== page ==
A Review of MEMS Accelerometers Working Principles
Sorush Salahshour Torshizi
Institute for Microsensors, -actuators and –systems (IMSAS)
Abstract—This paper aims to provide a review of MEMS-Accelerometers (accs.) different operating principles. At first variety of acceleration sensing and their basic principles as well as a brief overview of their fabrication mechanism will be discussed and lastly the paper will be focused on most commercialized and well-known accelerometer technique, namely, capacitive. Moreover, a comparison table of their performance based on acceleration sensor characteristics such as dynamic range, sensitivity, resolution and linearity will be depicted. finally, an evaluation of the different sensing techniques of MEMS-Accelerometer as well as the conclusion wraps-up the paper.
Acceleration sensors are playing a vital role in micromachined technology, moreover, the demand for new and high-performance accelerometers is increasing daily. The first industry which took the benefits of MEMS-Accelerometers was the automobile industry in 2000 by utilizing MEMS-Accs as for car suspension systems and controllability and in the same way for safety systems such as airbags system 1. Nowadays the application scope of accelerometers covered almost every aspect of engineering science. MEMS-Accs compare to conventional accelerometers have advantages of extremely small size and ability to be mass produced and importantly lower manufacturing costs 1. Consequently, the application spectrum of these acceleration sensors is not confined to car industry while they have opened up their way in multitude branch of science. For instance, nowadays in aviation and aerospace industry and after the emerging the modern technology autonomous unmanned aerial vehicles (UAVs) the demand for highly sensitive and low-cost accelerometers increased sharply 2. Moreover, MEMS accelerometers are now the crucial part of space crafts and rockets navigation systems. Moreover, they are now an inseparable part of smart devices navigation and tracking systems. Similarly, in Bio-engineering where the size of the sensor is highly under magnifier for researchers, MEMS accelerometers are used for health monitoring with help of implanting sensors inside the body 3. Based on aforementioned applications different technology and principle has been used up to now for their fabrication and operating method, the vast majority of application employed capacitive and piezoresistive accelerometer as their transduction mechanism and fabrication is easier to utilize, but there are more different working principles which will be discussed in the next section of this paper.
II. Operating principles
As for every accelerometer, the basic working principle is based on a fixed local inertial frame, beam, and of course the proof mass. When an external forces apply the mass will be displaced with respect to the local inertial frame, the source of this force could be constant gravity force which is called static force or it could be caused by shock or movement which can be named as dynamic forces 4. With reference to definition of sensor, acceleration sensor should convert mechanical motion which has deflected the proof mass, into readable computer signal, for this reason there are several transduction mechanisms which some of them are more relevant such as Capacitive or Piezoresistive accelerometers and also some other mechanisms like Optical, Piezoelectric, Thermal and Tunneling, Piezoelectric, Electromagnetic, Surface Acoustic Wave (SAW) accelerometers. Due to content restriction and less practical applications compare to other mechanisms, in this paper all of the above-mentioned principles except Electromagnetic and SAW will be discussed.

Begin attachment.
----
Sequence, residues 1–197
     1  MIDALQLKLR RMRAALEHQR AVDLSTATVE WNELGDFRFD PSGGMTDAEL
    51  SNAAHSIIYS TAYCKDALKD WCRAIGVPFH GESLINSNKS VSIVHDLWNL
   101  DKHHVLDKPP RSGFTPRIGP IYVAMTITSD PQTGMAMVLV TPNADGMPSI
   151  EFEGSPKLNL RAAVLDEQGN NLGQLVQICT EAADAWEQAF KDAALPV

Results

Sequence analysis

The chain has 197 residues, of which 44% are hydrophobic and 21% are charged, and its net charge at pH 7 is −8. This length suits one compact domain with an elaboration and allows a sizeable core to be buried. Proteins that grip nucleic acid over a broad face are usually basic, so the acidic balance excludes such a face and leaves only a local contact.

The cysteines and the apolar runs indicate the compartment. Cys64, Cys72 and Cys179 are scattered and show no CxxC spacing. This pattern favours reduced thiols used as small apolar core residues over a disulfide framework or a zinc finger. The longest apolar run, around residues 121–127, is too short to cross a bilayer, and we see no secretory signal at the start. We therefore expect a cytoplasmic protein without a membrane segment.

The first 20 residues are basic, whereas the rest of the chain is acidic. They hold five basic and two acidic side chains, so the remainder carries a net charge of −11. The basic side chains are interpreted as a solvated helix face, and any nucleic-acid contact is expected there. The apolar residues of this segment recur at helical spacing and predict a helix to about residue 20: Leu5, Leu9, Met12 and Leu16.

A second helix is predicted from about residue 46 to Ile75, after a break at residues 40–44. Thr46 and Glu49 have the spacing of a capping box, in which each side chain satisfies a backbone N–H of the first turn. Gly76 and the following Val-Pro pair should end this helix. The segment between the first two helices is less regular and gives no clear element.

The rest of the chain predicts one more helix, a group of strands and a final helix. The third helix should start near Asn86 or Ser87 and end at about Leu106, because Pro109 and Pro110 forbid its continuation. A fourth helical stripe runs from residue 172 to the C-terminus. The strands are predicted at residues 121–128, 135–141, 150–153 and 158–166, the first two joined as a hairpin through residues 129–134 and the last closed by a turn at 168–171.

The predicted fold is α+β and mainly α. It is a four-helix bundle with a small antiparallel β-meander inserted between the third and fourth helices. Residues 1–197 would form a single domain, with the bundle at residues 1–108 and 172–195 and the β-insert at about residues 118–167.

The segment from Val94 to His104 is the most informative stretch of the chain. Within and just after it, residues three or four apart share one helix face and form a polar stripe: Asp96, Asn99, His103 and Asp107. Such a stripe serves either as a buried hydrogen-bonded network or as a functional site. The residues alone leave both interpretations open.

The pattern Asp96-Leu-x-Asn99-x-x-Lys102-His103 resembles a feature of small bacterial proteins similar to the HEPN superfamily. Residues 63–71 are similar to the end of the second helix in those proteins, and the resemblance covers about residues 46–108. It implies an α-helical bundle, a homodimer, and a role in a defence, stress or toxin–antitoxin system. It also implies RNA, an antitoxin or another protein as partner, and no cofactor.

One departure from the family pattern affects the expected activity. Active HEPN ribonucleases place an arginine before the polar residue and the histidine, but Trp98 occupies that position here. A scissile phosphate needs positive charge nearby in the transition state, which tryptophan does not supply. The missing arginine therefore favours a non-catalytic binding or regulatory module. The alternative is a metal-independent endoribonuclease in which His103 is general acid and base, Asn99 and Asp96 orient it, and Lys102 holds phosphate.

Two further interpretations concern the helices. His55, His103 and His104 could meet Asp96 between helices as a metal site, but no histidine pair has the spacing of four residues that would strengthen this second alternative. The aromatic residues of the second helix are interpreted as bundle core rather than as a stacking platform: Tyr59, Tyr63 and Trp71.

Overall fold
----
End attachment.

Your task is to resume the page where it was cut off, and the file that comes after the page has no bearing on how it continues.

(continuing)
A. Optical Accelerometers
The working principle of optical accelerometers lies in characteristics of a beam of light. compare to well-known capacitive based accelerometers, optical-Accs exhibit better sensitivity and resolution as well as higher thermal stability which make them applicable in hazardous environments. Optical accelerometers instead of measuring the displacement of proof mass measure the variation of light wave characteristics like measuring the stress distribution among the proof mass when it is deflected (Photoelastic effect) or determining the effect of different forces and mass displacement on optical signal phase (Phase modulation). Phase modulation is normally used when the higher dynamic range is required. The other methods are Intensity modulation which is simple for fabrication but highly dependent on high-quality light sources compare to Wavelength modulation which is completely independent of light source deviation and is highly accurate and sensitive. The outstanding advantage of Optical-Accs is their immunity against electromagnetic interference(EMI) 5.
Figure. 1. Optical wavelength modulation based Accelerometer
The figure.1 shows the Wavelength modulation based Optical-Acc sensor by which the light goes through the photonic crystal (PhC) and then enter the photodetector for measuring the acceleration, when an external forces applied to proof mass it will move on its (y) axes which will cause a change of output wavelength. Consequently, the magnitude and direction of acceleration would be measured base on the wavelength difference occurred.
B. Thermal Accelerometer
Thermal accelerometers compare to other aforementioned techniques do not employ proof mass for sensing acceleration, they utilize thermal convection phenomenon. Thermal-Accs generally consist of silicon etched SNx heater with two temperature sensor on both sides of it, inside the thermal isolated encapsulated cavity. The heater reduces the density of its surrounded air(liquid) therefore when there is no acceleration two temperature sensor will sense the same temperature figure.2(A). By applying acceleration dense bubble will move within the direction of applied acceleration which will cause an asymmetric temperature profile for detectors figure.2(B), consequently, this temperature difference will be detected and amplified for converting into a digital signal by the principle of Wheatstone bridge. 6
Figure 2 Heat Accs,(a) rest mode (b) acceleration applied
The fabrication process of this accelerometer is simple which means lower manufacturing cost compared to other mechanisms. Since there is no proof mass, the thermal accelerometer has extremely good shock resistance and compare to capacitive sensors it has more sensitivity, on the other hand, the dynamic range is confined and low-frequency range makes it not suitable for instant shocks measurements or fall sensing. 6
C. Tunnel Accelerometer